Everybody was on the list earlier this month when Mayor Kevin Faulconer headlined a fundraiser for his new charity. There was Bank of America, Cox, Sempra Energy, Wells Fargo, Pardee Homes and many more.
Those powerhouse companies were named as partners and event sponsors for the fundraiser for One San Diego, the nonprofit created soon after Faulconer took office last year. All frequently have business interests tied to City Hall decisions. And yet, none of the companies’ donations – not the amount nor when they were given – has been made public, and it’s unlikely they ever will be.
The donations aren’t subject to the strict disclosure laws that govern campaigns and City Hall lobbying because they’re not for campaigns and City Hall lobbying.
But it’s impossible to miss the close ties between One San Diego and the efforts to boost Faulconer’s standing in advance of his re-election bid next year and any future run for higher office. The people who donate to One San Diego certainly know this, said Richard Hasen, a law professor at UC Irvine and expert in campaign finance.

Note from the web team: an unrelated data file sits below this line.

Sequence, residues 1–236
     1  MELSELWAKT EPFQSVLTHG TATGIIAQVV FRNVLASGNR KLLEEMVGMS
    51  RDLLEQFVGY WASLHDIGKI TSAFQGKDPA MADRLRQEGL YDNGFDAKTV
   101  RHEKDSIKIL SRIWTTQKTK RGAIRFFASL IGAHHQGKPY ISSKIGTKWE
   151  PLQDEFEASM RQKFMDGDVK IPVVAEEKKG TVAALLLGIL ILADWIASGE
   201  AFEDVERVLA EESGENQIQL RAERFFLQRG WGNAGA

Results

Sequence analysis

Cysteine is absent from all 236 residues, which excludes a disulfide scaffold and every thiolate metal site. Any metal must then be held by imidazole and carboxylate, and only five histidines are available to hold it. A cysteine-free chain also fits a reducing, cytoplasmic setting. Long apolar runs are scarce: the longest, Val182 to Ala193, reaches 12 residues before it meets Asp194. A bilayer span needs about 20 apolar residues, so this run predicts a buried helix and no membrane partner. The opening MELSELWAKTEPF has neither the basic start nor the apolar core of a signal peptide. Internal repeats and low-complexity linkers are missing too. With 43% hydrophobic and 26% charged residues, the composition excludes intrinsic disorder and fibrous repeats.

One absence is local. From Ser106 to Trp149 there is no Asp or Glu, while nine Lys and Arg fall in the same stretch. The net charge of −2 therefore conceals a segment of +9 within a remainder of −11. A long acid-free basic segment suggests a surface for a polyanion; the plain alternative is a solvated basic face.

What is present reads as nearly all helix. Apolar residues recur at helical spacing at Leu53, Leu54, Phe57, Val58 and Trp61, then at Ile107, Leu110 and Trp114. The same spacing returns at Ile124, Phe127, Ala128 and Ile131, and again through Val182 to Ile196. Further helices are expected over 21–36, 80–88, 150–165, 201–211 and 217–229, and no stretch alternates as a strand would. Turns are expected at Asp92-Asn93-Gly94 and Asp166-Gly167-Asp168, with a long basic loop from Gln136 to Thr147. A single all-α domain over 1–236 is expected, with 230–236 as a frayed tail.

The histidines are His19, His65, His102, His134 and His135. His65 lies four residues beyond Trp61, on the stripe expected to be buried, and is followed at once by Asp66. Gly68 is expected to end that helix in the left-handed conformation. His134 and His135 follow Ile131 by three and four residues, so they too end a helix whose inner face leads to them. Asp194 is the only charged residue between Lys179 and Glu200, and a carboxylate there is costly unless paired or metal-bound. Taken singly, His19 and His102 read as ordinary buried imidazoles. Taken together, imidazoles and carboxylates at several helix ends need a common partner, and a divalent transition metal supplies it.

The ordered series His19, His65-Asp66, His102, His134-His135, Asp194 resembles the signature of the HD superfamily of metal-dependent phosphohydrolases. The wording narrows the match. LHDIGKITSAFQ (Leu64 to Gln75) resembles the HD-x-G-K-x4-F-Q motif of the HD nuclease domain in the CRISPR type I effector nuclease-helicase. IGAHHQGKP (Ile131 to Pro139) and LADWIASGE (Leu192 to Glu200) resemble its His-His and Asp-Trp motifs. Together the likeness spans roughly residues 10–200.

“There are always people with interests before the city who are always happy to give to civic purposes and also curry favor with elected officials,” Hasen said.
Indeed, the lines separating the mayor’s nonprofit and the mayor’s political ambitions are pretty blurry. One San Diego is the mayor’s nonprofit. But it also isn’t.
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Black boxes? Corruption? Sanders set up Balboa Park Celebration Inc.; Balboa Park Conservancy; and who knows what else before moving on to run San Diego Regional Chamber of Commerce as an extension of the Republican Party to all intents. These political nonprofits have preference for contracts with connections. They become, like BPCI, a reward pathway for former staff and other friends to have easy jobs with no oversight.
While I personally like some of the Board Members, I recognize that some of them contributed to the problems of the City and the Region. Is "cronyism" rewarded within the political world? Absolutely.